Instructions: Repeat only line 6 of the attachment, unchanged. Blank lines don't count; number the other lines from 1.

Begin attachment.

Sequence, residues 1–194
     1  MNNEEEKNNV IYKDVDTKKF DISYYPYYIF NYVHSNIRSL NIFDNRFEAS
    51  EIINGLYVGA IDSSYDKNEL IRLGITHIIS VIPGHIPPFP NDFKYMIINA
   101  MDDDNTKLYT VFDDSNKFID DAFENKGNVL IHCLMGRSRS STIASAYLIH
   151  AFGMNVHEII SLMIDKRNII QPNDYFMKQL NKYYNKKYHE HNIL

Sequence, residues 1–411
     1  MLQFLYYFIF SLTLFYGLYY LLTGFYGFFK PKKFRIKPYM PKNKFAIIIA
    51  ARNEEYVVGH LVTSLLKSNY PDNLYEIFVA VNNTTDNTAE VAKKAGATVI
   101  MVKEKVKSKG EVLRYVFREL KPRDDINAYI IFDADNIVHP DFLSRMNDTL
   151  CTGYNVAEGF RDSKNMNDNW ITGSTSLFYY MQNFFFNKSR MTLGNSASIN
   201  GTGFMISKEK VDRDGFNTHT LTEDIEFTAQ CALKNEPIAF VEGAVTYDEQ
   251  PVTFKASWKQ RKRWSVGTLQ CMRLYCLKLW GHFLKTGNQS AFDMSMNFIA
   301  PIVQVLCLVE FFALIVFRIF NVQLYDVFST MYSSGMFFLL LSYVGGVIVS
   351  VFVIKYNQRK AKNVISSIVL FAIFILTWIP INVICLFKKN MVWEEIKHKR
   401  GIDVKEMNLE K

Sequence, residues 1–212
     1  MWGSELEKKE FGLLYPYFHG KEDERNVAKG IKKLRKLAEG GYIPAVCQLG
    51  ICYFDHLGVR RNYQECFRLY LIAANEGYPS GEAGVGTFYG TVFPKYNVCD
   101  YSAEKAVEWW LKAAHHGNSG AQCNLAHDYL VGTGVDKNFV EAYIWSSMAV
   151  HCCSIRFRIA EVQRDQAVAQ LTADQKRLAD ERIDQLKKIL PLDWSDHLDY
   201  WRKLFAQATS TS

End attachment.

Sequence, residues 1–411